Ortiz: I don't give a expletive what they call leaders

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Ortiz: I don't give a expletive what they call leaders

It seems David Ortiz is pretty angry because he thinks people in the media -- and in the Red Sox front office -- don't consider him a leader.

It was an interesting take by Big Papi, especially after recent reports that he had called a closed-door meeting that sparked the Red Sox to wins in 9 of their last 11 games. Ortiz has been largely praised for being the leader the team team needed to snap its early-season funk.

Still, he sounded miffed by the idea of the prototypical leader in Boston.

"Well, let me tell you, I was reading an article that talked about the leaders people call 'leaders' in this town," Ortiz told ESPN Boston. "Basically, it seems like no matter what you do, it's not good enough.

"And you can only call leaders the guys who are out diving for balls on the field or calling pitches behind the plate?"

"No. 1, I don't agree with that," Ortiz said. "And No. 2, what I do I don't do for people to know. I do it for my teammates, to get to know things better. I don't give a expletive about anybody knowing what we talk about, No. 1. And No. 2, I don't give a expletive what they call leaders."

Ortiz's comments seem directed at the idea that Jason Varitek and Dustin Pedroia have been the unquestioned leaders of the Red Sox. But Ortiz is now the longest-tenured member of the team so why isn't he in the discussion?

Hardball Talk has an interesting take on that thought:

Our ideas about leadership in sports are kinda screwy. When things go well for a ballclub, we look at certain people and call them leaders. When they go poorly, we rarely blame them for their lack of leadership. A couple of writers asked where Jason Varitek was when it was allegedly all going to hell for the Sox last September, but it was certainly a minority view. For the most part, guys who are cast as captains are only talked about in those terms when things go well. When things go poorly its because of screwups like Josh Beckett.And, as Ortiz may or may not have intended to imply, its funny how the people we call leaders on ballclubs tend to fit a certain type. Everyday position players who, coincidentally or not, are often scrappy or fiery players. And, coincidentally or not, are usually white dudes. Why couldnt David Ortiz be a leader? Why must someone like Dustin Pedroia be assumed to be? Why must it be a vocal person as opposed to someone who leads by example or behind the scenes? Why must it be one person? . . . Not saying that Ortiz is a great leader . . . Maybe he had a good moment with that team meeting and the rest of the time hes like everyone else. Maybe the Sox good play of late is a total coincidence (if the Sox played poorly for the past week, would the narrative be Ortiz sows dissension in the clubhouse?). But I can certainly see how he or other players could get a bit rankled when it comes to the leadership talk we like so much in the media.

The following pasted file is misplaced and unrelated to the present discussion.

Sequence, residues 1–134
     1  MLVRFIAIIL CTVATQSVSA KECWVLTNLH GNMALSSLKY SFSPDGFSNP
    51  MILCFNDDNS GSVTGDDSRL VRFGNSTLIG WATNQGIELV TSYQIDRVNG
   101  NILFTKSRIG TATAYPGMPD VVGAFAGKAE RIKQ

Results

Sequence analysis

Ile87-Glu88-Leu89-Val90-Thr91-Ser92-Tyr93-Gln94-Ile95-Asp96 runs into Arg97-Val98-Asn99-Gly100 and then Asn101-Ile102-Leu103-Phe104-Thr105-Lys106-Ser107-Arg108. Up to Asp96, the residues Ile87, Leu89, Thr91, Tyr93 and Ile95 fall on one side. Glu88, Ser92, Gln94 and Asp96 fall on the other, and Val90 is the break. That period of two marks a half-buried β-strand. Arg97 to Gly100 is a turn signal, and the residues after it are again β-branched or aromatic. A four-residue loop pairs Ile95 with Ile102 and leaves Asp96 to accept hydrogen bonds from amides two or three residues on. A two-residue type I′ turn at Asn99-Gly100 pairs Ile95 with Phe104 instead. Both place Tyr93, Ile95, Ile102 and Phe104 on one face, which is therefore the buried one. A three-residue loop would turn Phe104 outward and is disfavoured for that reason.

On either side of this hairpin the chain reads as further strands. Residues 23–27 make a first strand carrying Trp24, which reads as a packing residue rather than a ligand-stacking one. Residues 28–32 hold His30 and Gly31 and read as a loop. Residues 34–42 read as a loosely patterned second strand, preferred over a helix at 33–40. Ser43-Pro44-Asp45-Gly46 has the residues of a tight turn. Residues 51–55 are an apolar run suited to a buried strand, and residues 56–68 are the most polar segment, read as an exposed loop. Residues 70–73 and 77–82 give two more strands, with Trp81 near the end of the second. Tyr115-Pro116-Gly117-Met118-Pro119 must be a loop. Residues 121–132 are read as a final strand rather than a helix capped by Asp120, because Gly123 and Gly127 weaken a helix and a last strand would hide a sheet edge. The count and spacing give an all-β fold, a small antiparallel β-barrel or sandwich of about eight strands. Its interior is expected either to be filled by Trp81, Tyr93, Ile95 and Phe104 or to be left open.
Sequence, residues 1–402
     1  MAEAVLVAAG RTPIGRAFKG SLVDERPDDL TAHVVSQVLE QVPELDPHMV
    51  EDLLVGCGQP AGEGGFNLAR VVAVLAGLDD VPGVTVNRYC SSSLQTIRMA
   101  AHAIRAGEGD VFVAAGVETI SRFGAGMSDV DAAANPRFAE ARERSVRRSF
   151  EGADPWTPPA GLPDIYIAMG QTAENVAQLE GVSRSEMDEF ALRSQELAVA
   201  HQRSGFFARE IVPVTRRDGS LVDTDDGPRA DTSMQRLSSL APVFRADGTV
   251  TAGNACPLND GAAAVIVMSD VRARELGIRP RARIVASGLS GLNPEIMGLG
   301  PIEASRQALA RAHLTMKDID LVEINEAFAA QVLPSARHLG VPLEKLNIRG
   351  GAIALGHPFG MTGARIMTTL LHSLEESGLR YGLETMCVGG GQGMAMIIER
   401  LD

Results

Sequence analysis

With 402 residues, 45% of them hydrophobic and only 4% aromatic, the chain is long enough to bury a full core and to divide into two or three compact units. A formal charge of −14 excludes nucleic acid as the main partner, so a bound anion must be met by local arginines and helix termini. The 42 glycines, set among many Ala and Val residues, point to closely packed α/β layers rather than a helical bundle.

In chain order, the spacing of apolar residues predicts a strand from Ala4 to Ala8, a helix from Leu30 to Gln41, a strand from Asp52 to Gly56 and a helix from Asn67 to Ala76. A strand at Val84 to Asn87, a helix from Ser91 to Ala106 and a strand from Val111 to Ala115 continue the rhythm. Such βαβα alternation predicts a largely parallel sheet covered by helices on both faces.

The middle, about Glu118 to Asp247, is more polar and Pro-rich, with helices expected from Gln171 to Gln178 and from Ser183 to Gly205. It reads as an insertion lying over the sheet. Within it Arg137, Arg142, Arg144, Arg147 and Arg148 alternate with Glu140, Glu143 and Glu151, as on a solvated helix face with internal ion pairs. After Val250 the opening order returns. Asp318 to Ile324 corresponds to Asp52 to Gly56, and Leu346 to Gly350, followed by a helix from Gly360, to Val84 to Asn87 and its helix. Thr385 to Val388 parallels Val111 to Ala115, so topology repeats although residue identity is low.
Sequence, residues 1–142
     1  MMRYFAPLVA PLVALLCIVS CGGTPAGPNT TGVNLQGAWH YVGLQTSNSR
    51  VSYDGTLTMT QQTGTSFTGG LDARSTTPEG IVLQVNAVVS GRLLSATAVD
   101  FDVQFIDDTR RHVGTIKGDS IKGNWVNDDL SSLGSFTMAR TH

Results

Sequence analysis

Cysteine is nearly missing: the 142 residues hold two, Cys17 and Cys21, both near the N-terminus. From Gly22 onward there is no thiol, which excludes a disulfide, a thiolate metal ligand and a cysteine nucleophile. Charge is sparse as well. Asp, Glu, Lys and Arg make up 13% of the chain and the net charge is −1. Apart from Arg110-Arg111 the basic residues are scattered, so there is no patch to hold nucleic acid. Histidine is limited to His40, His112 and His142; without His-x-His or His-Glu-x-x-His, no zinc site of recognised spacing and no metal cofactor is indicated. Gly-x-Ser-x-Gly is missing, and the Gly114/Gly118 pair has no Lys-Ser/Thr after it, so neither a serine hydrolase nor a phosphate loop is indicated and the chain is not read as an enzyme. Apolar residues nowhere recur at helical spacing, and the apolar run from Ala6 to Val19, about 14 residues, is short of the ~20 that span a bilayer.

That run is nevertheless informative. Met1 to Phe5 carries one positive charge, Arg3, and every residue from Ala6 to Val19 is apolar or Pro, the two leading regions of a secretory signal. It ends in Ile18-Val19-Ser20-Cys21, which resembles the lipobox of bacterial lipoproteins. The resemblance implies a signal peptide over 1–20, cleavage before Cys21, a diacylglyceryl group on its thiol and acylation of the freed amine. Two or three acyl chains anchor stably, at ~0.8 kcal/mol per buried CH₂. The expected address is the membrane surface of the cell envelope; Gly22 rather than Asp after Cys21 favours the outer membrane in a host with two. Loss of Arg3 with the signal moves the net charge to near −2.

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Biggest Red Sox busts in recent memory

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Farrell angered after Castillo fails to run out grounder

Farrell angered after Castillo fails to run out grounder

The Red Sox signed Cuban outfielder Rusney Castillo to a seven-year, $72.5 million contract bn August 2014. Over parts of three seasons, the 29-year-old has a .679 OPS across 337 plate appearances in the majors and spent the vast majority of the 2016 season at Triple-A Pawtucket.

Castillo had a chance to start things off on the right foot in 2017, but that ship has already sailed. On Thursday against Northeastern at JetBlue Park, Castillo didn’t run out a routine ground ball. He claims he lost track of the outs. Manager John Farrell isn’t happy about the situation. Via Evan Drellich of the Boston Herald:

“Disappointing for a couple of reasons,” Sox manager John Farrell said. “One, he has lost the number of outs. Still, regardless of another of outs, getting down the line is controllable. And for a player in his situation, every little aspect of the game is important. That’s something that was addressed in the moment. He needs to execute the game situation. And for that matter, every player. But that one obviously stood out.”

Everyone always makes far too big a deal about running out grounders. It’s a real nit to pick when it’s February 23 and your team just finished playing an exhibition game that is even more meaningless than the other exhibition games that will be played in the coming month.

That being said, Castillo has to prove himself to merit inclusion on the 25-man roster and that means dotting all his i’s and crossing all his t’s. Even if he went hitless all spring, Castillo could have at least said he couldn’t have done anything else better. But on day one, he already gave his team a reason to count him out.